procedures the auditor considered necessary, for example, the lack of responsiveness to confirmation or information requests due to legal restrictions, or the lack of original documents.  d. Findings that could result in modification of the auditor’s report.  e. Audit adjustments. For purposes of this Statement, an audit adjustment is a correction of a misstatement of the financial information that is identified by the auditor, whether or not recorded by management, that could, either individually or when aggregated with other misstatements, have a material effect on the company’s financial information.    Because the categories of significant matters are not mutually exclusive, the last sentence of paragraph 13 should read “…one or more of the following categories.”  We also suggest adding to the list the auditor’s judgments about the quality of the accounting principles and their application as required by AU 380.11 (Communication with Audit Committees).                        14. The auditor should document on a timely basis ( a) oral discussions of significant matters with management, including identification of management personnel involved and the dates of discussions, and ( b) management’s responses. The auditor similarly should document oral discussions of significant matters with those who have responsibility for the oversight of the financial reporting process, including the dates and the names of individuals participating in them.  Paragraph 14 does not emphasize adequately that all oral discussions having audit significance must be documented, including those with company personnel who are not considered management as well as others outside the company such as customers, vendors, and lawyers.  15. If the auditor has identified information that contradicts or is inconsistent with the auditor’s final conclusions regarding a significant matter, the auditor should document how the auditor addressed the contradiction or inconsistency in forming the conclusion .       Accepted without comment.  16. The documentation of such information, however, does not imply that the auditor needs to retain documentation that is incorrect or superseded. The relevant records to be retained include, but are not limited to, procedures performed in response to the information, and records documenting consultations on, or resolutions of, differences in professional judgment among members of the engagement team or between the engagement team and others consulted.   Accepted without comment.  
Identification of Preparer and Reviewer  17. In documenting the nature, timing, and extent of audit procedures performed, the audit documentation should identify:  a.  Who performed the audit work and the date of such work; and  b.  Who reviewed specific audit documentation and the date of such review.   Accepted without comment.  Documentation of Specific Items Tested  18. Audit documentation of procedures performed, including tests of operating effectiveness of controls and substantive tests of details, that involve inspection of documents or confirmation should include the identifying characteristics of the specific items tested.       Accepted without comment.  19. Recording the identifying characteristics serves a number of purposes. For example, it demonstrates the accountability of the audit team for its work and facilitates the investigation of exceptions or inconsistencies. Identifying characteristics will vary with the nature of the audit procedure and the subject matter. For example:  • A detailed test of entity-generated purchase orders may identify the documents selected for testing by their dates and unique purchase order numbers.  • For a procedure requiring selection or review of all items over a specific amount from a given population, the auditor may record the scope of the procedure and identify the population (for example, all journal entries over $25,000 from the journal register).  For a procedure requiring inquiries of specific entity personnel, the documentation should include the dates of the inquiries and the names and job designations of the entity personnel.  For an observation procedure, the documentation should identify the process or subject  matter being observed, the relevant individuals and what they were responsible for, and when the observation was carried out.  • When a systematic sample is selected from a population of documents, the documentation need only provide an identification of the source of the documents and an indication of the starting point and the sampling interval (for example, a systematic sample of shipping reports was selected from the shipping log for the period from X to Y, starting with report number 14564 and selecting every 250 th report from that point).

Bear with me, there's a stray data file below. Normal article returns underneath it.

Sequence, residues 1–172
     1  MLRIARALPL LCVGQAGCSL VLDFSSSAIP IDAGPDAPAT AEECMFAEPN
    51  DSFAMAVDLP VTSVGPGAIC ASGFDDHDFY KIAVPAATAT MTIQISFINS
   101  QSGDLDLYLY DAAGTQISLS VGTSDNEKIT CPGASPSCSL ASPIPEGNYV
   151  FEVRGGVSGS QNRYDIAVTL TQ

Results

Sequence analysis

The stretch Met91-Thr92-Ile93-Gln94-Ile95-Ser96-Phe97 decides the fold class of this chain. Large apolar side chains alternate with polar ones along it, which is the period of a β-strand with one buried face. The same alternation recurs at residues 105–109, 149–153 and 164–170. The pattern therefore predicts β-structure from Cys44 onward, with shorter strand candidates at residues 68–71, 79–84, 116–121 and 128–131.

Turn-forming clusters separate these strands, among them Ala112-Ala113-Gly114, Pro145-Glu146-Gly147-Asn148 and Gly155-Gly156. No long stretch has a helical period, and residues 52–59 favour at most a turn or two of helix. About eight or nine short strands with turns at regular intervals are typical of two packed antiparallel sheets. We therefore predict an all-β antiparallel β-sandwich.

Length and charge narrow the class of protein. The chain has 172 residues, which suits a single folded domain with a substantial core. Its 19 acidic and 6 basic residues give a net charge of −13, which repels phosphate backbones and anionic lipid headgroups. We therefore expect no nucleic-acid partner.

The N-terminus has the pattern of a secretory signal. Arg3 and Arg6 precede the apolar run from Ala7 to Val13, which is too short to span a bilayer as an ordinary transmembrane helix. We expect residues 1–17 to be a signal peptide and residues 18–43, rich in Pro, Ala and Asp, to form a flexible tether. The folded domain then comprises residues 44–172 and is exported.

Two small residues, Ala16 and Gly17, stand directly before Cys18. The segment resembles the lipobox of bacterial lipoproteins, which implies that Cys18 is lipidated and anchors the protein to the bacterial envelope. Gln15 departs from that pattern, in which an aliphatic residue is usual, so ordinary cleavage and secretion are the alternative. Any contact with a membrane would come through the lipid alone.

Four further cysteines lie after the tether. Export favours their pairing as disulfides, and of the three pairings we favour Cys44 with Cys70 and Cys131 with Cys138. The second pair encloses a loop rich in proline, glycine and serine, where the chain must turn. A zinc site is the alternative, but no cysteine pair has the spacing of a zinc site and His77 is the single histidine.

Accepted without comment.  20. The auditor need only retain copies of the entity’s records as part of the audit documentation if they are needed to enable an experienced auditor to understand the work performed and conclusions reached. For example, audit documentation should include abstracts or copies of significant contracts or agreements that were examined to evaluate the accounting for significant transactions.   We suggest that the last phrase read, “… that were examined to evaluate the accounting for or disclosure of significant transactions.”  21. Where, in exceptional circumstances, the auditor judges it necessary to depart from the Statements on Auditing Standards in order to achieve more effectively the objective of the audit, the auditor should document the reasons for the departure.  We recommend that paragraph 21 also require the auditor to explain how the chosen alternative auditing procedures achieved the audit objective more effectively, not simply the reasons for the departure.  Revisions to Audit Documentation After the Date of the Auditor s Repor ’ t  22. The auditor’s report should not be dated earlier than the date on which the auditor has obtained sufficient competent audit evidence to support the opinion on the financial statements or other financial information being reported on.  Paragraph 22 needs further development to address the relationship between the date of obtaining sufficient competent evidence to support the opinion and the date of completion of field work. Auditing standards require a review of subsequent events through the date of the completion of field work. If significant documentation, such as contracts or agreements, is unavailable at the completion of field work and is to be provided later, paragraph 22 as currently written would require the auditor to return to the field to update subsequent events testing to the new report date. This situation would occur frequently enough to warrant its consideration in paragraph 22, including possibly dual dating.   23. After the report date, the auditor may make changes to the audit documentation to:  a. Complete the documentation and assembly of audit evidence that the auditor has obtained, discussed, and agreed with relevant members of the audit team prior to the date of the auditor’s report;  b. Perform routine file-assembling procedures such as deleting or discarding superseded documentation, and sorting, collating, and cross-referencing final working papers;